The Barisan needs the support of these two states – which includes a huge chunk of Christians who have been loyal voters.

No party, regardless of which race is dominant, can win in the general elections without the support of the other communities. That is the beauty and reality of Malaysian politics.

The experience of Bersih 4 has shown that without PAS, the PKR and newly-formed Amanah Harapan would be quite incapable of gathering mass Malay support.

PKR has made attempts to send the olive branch to the Islamist party but the results have yet to be seen.

Likewise, the DAP can only hold on to Penang and the 38-odd Chinese majority parliament seats in the 222-seat Dewan Rakyat but has no hope of capturing Putrajaya without PAS.

Similarly, if PAS persists in continuing to push for an Islamic State, it will just make an impact in the east coast but will remain on the opposition bench at the federal level.

Let’s not forget that in the 1999 general election, a huge number of Malays rebelled against the Barisan, in particular Umno.

It was the non-Malays who tipped the balance and rescued Umno candidates, and allowed Barisan to keep its two-thirds majority. In fact, Datuk Seri Najib Tun Razak barely scraped through with a 214-vote majority in the Pekan constituency.

In that election, the Chinese also dumped DAP’s Lim Kit Siang and Karpal Singh, punishing the DAP for working with PAS in the Barisan Alternatif alliance.

In Kelantan and Terengganu, the Malays rejected Umno. PAS won by huge margins – 41-2 against BN in Kelantan, and 28-4 in Terengganu.

In short, it will be myopic of any politician or party to focus on only one community for votes as the Malays themselves have deserted Umno before.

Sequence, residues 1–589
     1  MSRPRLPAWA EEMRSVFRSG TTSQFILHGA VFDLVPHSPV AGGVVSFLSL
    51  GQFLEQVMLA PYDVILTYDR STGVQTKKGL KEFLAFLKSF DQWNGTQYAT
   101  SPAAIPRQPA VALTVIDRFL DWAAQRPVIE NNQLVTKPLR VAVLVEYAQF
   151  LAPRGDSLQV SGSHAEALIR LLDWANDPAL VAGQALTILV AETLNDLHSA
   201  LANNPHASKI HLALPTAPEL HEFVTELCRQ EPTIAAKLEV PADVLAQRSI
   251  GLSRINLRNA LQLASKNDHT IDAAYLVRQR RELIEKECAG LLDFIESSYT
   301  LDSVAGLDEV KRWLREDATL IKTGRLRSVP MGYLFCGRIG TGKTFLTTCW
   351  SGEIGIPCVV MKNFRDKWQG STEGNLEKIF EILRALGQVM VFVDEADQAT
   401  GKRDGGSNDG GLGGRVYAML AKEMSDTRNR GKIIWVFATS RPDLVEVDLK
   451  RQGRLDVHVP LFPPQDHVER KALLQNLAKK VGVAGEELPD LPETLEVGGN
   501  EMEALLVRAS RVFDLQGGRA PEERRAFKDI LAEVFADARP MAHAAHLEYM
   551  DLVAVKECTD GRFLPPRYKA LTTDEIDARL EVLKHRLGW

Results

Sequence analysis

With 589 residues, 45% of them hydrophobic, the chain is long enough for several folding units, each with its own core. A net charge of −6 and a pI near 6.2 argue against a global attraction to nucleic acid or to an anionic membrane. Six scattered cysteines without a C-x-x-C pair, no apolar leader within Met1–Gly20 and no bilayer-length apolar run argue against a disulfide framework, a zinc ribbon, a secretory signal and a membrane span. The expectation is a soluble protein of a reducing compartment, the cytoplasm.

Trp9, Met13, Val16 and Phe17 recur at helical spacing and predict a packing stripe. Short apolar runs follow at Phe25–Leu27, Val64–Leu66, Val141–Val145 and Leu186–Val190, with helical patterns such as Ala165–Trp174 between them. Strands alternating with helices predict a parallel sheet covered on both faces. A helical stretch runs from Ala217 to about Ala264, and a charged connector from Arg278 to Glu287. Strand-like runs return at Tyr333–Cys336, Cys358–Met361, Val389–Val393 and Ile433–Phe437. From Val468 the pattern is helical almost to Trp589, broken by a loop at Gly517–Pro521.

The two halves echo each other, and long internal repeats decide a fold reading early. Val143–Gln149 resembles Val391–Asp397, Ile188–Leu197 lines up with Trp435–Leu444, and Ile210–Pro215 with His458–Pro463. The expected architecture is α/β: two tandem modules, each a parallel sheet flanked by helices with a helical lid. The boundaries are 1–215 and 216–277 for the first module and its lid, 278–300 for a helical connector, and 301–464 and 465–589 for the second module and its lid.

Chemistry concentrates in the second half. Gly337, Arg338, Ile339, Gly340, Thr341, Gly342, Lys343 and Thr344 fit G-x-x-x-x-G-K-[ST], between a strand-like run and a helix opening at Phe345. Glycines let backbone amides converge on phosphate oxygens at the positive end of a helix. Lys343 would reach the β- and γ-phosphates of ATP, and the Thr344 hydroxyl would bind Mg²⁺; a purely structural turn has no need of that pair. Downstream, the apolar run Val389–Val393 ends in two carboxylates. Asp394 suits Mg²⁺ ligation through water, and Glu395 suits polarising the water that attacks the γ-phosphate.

Likewise, in the past two polls, large numbers of Malays had backed Pakatan Rakyat, especially in Selangor and Kuala Lumpur, and it is unfair to put the blame entirely on the Chinese without accepting the changing political landscape.

It cannot be denied that Malay voters have supported non-Malay candidates from Barisan component parties over Malay candidates from PAS or PKR.

That is the politics of consensus and power sharing and clearly proves Umno’s willingness to accommodate other races. That is the high mark of Umno since independence.

Trying to partner PAS may seem attractive, in the push for Malay solidarity, but it will lead to nowhere because the reality is that the Barisan works on consensus.

PAS will never be able to join Barisan because all it needs is just one objection from a component party.

It won’t be just the MCA, Gerakan and MIC but also the other Sabah and Sarawak parties, including even the Parti Pesaka Bumiputra Bersatu, that will stop PAS.

So Umno politicians who think the party should play footsie with PAS should not pursue this plan but stick with its loyal and tested component parties.

There is more to gain by branding oneself as rational, moderate and pragmatic in a modern Malaysia than to harp on communal politics.

Race politics has lost its appeal among many Malaysians and it is also foolishly damaging to race relations in this beautiful country of ours.

Malaysia belongs to all races and we should stop those who continue to harp on race. And if there is still law and justice, they should face the consequences, and not be allowed to escape because they are purportedly politically connected.